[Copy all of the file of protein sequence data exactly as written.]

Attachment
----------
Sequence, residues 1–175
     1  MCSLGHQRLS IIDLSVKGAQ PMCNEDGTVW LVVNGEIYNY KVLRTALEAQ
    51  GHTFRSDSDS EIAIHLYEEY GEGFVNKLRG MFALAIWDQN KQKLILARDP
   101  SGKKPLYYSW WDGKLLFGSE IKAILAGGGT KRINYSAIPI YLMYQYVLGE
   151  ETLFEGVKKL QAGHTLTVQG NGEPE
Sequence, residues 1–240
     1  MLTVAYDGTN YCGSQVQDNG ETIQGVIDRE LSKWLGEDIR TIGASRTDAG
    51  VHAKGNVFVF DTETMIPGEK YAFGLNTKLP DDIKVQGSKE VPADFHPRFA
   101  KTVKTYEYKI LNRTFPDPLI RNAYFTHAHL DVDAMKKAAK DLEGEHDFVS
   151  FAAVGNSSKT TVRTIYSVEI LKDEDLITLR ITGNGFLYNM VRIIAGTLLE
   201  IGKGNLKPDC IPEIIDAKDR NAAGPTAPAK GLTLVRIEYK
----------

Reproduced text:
Sequence, residues 1–175
     1  MCSLGHQRLS IIDLSVKGAQ PMCNEDGTVW LVVNGEIYNY KVLRTALEAQ
    51  GHTFRSDSDS EIAIHLYEEY GEGFVNKLRG MFALAIWDQN KQKLILARDP
   101  SGKKPLYYSW WDGKLLFGSE IKAILAGGGT KRINYSAIPI YLMYQYVLGE
   151  ETLFEGVKKL QAGHTLTVQG NGEPE
Sequence, residues 1–240
     1  MLTVAYDGTN YCGSQVQDNG ETIQGVIDRE LSKWLGEDIR TIGASRTDAG
    51  VHAKGNVFVF DTETMIPGEK YAFGLNTKLP DDIKVQGSKE VPADFHPRFA
   101  KTVKTYEYKI LNRTFPDPLI RNAYFTHAHL DVDAMKKAAK DLEGEHDFVS
   151  FAAVGNSSKT TVRTIYSVEI LKDEDLITLR ITGNGFLYNM VRIIAGTLLE
   201  IGKGNLKPDC IPEIIDAKDR NAAGPTAPAK GLTLVRIEYK